Recruitment has changed. With the economy recovering there are a greater number of jobs available meaning that candidates can afford to be more discerning about the roles for which they apply. With this in mind, the most talented individuals are now cherry picking the organisations that they want to work for and rejecting roles with organisations that they do not know or do not wish to work for.
Organisations are devoting more and more time to planning and implementing a strong employer brand to ensure that they are an employer of choice. Having a strong and consistent employer brand not only helps attract new members of staff but can also contribute to current employees being more engaged and committed to the company goals. This increases staff retention and lowers recruitment costs.
The first major hurdle in creating a strong employer brand is the internal process, knowing who ‘owns’ it and having the buy in of board members and senior management. In this blog we discuss what we consider to be the three main points of building a compelling employer brand. Each of these (and the numerous other factors we haven’t covered) will need to be managed by a single person so as to create a joined up approach to employer branding and give the process the greatest chance of success.
Think inside out
A good employer brand needs to be built from within the company. It isn’t enough to talk the talk; it needs to be backed up by demonstrable facts about working in your organisation. Think about how your current employees view the company, why they like their jobs and which parts they don’t enjoy. To create a truly brilliant employer brand you will need to promote the positive aspects whilst working internally to improve the negative. Building and maintaining a good employer brand is a constant and on-going process. Staff need to be able to feedback to senior managers in a meaningful way so that the organisation remains an enjoyable and engaging place to work.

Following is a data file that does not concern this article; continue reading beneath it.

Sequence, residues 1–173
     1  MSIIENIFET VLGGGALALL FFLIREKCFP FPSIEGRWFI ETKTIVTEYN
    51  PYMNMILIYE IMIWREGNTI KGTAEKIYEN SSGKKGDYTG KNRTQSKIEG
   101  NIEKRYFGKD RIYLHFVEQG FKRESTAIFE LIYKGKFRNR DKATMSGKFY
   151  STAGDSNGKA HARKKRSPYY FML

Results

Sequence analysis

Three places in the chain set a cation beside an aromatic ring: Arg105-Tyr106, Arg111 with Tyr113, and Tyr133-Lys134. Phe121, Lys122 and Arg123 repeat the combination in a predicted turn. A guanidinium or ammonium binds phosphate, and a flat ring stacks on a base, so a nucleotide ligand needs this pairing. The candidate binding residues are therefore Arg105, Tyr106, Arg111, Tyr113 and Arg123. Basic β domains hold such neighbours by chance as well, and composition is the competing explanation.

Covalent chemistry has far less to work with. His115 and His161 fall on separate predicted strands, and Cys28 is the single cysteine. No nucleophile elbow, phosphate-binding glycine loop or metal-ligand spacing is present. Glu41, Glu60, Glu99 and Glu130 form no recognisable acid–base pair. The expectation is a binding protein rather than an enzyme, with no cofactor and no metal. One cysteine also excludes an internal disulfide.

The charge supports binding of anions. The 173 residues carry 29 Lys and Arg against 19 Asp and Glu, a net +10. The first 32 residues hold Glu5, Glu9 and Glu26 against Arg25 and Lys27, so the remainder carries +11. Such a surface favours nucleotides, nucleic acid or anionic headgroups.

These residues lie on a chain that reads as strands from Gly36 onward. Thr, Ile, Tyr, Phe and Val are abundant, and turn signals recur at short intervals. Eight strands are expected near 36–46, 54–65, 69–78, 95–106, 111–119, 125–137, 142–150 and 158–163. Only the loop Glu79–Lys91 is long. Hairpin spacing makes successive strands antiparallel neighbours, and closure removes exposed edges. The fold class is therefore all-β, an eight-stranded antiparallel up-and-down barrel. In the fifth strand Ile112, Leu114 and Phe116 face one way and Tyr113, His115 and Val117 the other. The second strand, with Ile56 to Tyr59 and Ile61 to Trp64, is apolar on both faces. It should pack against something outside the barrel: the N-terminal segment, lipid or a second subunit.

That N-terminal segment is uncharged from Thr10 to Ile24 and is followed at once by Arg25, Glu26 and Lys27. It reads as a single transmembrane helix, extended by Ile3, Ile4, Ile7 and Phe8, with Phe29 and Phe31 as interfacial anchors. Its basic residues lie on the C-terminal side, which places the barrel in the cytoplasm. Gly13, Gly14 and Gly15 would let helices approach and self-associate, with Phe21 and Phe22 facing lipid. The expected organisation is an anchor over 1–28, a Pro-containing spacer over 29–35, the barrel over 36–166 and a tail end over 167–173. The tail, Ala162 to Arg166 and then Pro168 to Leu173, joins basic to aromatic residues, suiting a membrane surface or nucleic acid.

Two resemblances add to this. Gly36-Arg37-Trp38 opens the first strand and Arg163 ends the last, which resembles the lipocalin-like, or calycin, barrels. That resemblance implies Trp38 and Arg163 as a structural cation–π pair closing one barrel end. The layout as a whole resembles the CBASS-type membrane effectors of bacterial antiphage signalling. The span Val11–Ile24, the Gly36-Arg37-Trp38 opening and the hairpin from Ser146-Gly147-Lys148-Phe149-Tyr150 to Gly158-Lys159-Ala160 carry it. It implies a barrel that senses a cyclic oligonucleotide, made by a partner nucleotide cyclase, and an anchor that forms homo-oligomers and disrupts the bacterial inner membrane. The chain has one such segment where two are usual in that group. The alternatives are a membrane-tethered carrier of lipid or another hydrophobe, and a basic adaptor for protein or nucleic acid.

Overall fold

A truly engaging employer brand proposition is not built by HR departments or marketing departments but through the entire business having a united view of what it means to work in the company, where the company is headed and how it plans to get there. Employees across all departments should be actively engaged in helping to build the employer brand and helping to implement it internally whilst promoting it externally.
Put yourself out there
Whether you are looking to engage your current staff or attract new talent to the business, you need an outlet for your employer brand. This could take the form of an employment blog, a social media page, a regularly updated careers page or a mixture of all three. Whichever you use, you should encourage your staff to interact with your output by liking or commenting where appropriate.
If you are trying to attract new talent and have job specifications or adverts on your website, you need to make sure that they are not just a tick lists of demands but that they sell the role and the company to potential candidates. Formal, robotic language in jobs pages and job descriptions can put some candidates off as company personality and team fit become more and more important.
Companies spend a lot of time working on their brands and the way they are perceived in the marketplace but increasingly having a good employer brand is attracting high quality talent and giving organisations a competitive advantage for relatively low cost. Businesses will need to seriously consider their employer brand and how candidates perceive them to make the most of their growth opportunities.
Source: Vine 15